Our website is www.pattayabridge.com                           Club News Sheet – No. 358

Our blogsite is www.pattayabridge.wordpress.com                                 

My home phone is 038 422924 and my mobile number is 083 6066880              20th Sept 2009

It is best to use my home number to contact me unless I am at the bridge club.

My e-mail is terry@pattayabridge.com or pattayabridge@yahoo.com

My MSN messenger ID is tj_quested@hotmail.com

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Mon 14th      1st    Derek & Gerard                 59%       2nd    Bob P & Robbie                    57%

Wed 16th      1st    Hans & Janne                     61%       2nd    Paul Q & Terry Q                  60%

Fri  18th        1st            Bob P & Robbie        63%       2nd    Paul Q & Hans                       53%


Bidding Quiz                    Standard American bidding is assumed unless otherwise stated.


Hand A           Hand B           With Hand A do you open in 3rd seat? favourable vulnerability.


QJ8              A74                                     

K86432        Q9843          With Hand B you open 1 and partner bids 1, what do you do?

98                 A964                                   

J8                 Q


Hand C           Hand D           With Hand C partner opens 1, what do you bid?


A543            J8762          

A865            86                 With Hand D everybody is vulnerable. LHO opens 1 in 3rd

1093             AJ10652       seat and partner overcalls 1. RHO bids 1, what do you do?

AQ               -

Ron Klinger web site



Bidding Sequence Quiz


E      1      pass   1      pass       How many ’s does the 2 bid promise?


F      1     1NT   dbl     2          Is 2 to play or a transfer?



Current club championship standings



Gold Cup = Best 30

Silver Plate = Best 10

Bronze Medal = Best 5











1897.6 Janne Roos

1885.7 Hans Vikman

1849.6 Paul Quodomine

1793.8 Sally Watson

1725.8 Bob Short

1689.1 Paul Scully

674.5 Janne Roos

673.4 Hans Vikman

649.3 Paul Quodomine

633.8 Sally Watson

619.9 Jeremy Watson

619.2 Ivy Schlageter

618.9 Bob Short

615.1 Lars Broman

611.8 Gerard Hardy 

611.8 Derek Tyms

350.7 Hans Vikman

350.6 Janne Roos

333.3 Paul Quodomine

325.3 Ivy Schlageter

324.5 Sally Watson

321.7 Bob Short

321.7 Jeremy Watson

321.0 Per Andersson

316.9 Terje Lie

316.1 Lars Broman

Raise into a Moysian fit?                                    Board 15 from Monday 14th 


Dealer:             ♠ Q65                                            West(B)     North         East          South

South               AK6                                           -                 -                 -               pass

N-S vul            Q105                                         1              pass           1            pass

                        10872                                        2    (1)      all pass


A74                    N               KJ98            (1)  What did you bid with this West hand B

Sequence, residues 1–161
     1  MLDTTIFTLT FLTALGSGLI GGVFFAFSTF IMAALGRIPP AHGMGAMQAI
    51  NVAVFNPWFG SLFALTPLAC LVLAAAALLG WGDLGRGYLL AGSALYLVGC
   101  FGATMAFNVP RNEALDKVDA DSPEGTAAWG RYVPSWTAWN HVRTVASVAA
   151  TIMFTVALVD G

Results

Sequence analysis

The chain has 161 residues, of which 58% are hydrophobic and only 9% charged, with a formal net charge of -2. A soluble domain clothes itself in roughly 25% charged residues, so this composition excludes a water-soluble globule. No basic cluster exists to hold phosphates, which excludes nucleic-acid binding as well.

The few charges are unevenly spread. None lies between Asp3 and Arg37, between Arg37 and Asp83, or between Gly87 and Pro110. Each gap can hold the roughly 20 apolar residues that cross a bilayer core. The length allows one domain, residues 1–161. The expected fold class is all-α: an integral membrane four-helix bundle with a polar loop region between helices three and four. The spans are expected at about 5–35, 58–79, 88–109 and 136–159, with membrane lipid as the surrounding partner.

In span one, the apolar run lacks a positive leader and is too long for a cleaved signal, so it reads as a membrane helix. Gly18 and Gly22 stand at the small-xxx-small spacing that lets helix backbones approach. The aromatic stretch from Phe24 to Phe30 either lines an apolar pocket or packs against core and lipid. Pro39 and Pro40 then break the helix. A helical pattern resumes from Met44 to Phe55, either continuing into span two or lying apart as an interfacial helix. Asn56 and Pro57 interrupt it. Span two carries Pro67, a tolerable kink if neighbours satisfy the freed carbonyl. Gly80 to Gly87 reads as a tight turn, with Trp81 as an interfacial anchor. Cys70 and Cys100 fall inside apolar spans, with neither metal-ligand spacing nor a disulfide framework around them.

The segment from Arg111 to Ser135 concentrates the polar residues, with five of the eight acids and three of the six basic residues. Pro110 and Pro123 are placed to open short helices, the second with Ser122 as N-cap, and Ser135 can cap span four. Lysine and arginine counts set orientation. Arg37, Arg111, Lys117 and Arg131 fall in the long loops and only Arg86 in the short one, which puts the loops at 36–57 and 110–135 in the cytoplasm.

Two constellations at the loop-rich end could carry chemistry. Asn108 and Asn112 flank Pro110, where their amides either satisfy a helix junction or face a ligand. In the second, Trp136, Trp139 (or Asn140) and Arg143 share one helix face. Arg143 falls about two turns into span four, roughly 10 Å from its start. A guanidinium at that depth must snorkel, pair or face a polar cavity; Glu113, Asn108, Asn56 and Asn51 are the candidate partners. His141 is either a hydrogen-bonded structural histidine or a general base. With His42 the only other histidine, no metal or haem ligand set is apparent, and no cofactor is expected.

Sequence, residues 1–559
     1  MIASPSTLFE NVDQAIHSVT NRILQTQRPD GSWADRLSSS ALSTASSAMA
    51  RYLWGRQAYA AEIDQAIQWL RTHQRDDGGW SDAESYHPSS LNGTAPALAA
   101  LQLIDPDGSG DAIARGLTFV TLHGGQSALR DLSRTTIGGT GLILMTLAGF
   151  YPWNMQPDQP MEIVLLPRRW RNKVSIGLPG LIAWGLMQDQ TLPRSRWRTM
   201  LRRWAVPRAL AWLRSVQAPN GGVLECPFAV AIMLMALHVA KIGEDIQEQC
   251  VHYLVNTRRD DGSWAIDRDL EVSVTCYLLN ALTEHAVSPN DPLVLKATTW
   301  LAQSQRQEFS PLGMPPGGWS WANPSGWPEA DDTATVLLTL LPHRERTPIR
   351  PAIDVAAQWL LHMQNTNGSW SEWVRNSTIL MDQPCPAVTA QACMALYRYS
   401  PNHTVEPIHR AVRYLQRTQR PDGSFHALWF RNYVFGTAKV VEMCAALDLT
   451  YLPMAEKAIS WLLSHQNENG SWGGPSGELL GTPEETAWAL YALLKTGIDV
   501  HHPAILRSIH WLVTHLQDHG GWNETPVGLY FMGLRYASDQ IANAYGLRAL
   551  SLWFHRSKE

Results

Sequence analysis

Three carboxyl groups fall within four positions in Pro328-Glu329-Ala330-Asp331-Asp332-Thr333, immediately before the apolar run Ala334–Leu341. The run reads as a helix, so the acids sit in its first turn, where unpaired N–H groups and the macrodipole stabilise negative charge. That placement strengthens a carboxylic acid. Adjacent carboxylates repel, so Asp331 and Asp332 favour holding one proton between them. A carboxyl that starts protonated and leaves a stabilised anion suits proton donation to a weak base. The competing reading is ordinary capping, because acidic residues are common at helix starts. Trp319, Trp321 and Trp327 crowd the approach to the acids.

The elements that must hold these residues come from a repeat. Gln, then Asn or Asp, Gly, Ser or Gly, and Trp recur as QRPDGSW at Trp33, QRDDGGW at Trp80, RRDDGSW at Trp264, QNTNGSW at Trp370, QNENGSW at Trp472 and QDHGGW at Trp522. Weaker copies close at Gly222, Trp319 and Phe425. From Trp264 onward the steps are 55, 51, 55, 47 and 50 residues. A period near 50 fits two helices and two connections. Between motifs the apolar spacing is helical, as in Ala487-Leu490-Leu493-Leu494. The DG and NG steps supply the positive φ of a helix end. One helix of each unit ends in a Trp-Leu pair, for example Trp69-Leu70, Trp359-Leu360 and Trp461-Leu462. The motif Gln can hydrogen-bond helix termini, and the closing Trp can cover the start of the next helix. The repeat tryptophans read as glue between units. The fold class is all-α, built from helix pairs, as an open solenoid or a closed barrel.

Q9843            W    E            52                       in this week’s quiz? 1NT is not good

A964                  S                K83                   with a singleton and raising ’s is by

Q                                         K643                 far the best bid. It may well be a 4-3 fit  

1032                                          but should play well because ruffs can

J107                                           be taken in the short trump hand.




And what happened? Deep Finesse says that 2 (or 2) are the best contracts. Actual results were 2NT=, 3NT-2, 1NT-1, 2= and 2=.

The bottom lines.

-     Don’t be afraid to raise a possible 4 card major suit with just three cards with just three cards and thus end up in a Moysian fit if you have shortage elsewhere.


Accurate bidding (and also silly bidding)            Board 13 from Monday 14th   


Dealer:             KQ8                                           Table A

North               107                                             West(C)     North         East          South

both vul            QJ8754                                      -                 pass           1            pass

                        J10                                             4    (1)      all pass


A543                  N               J9                       Table B

A865              W    E            KQJ932            West(C)     North         East          South

1093                   S                AK                     -                 pass           1            pass

AQ                                       K85                   2NT (1)      pass           3    (2)    pass

10762                                         3    (3)      pass           4NT (4)    pass

4                                                 5    (5)      pass           5NT (6)    pass

74                                              6    (7)      all pass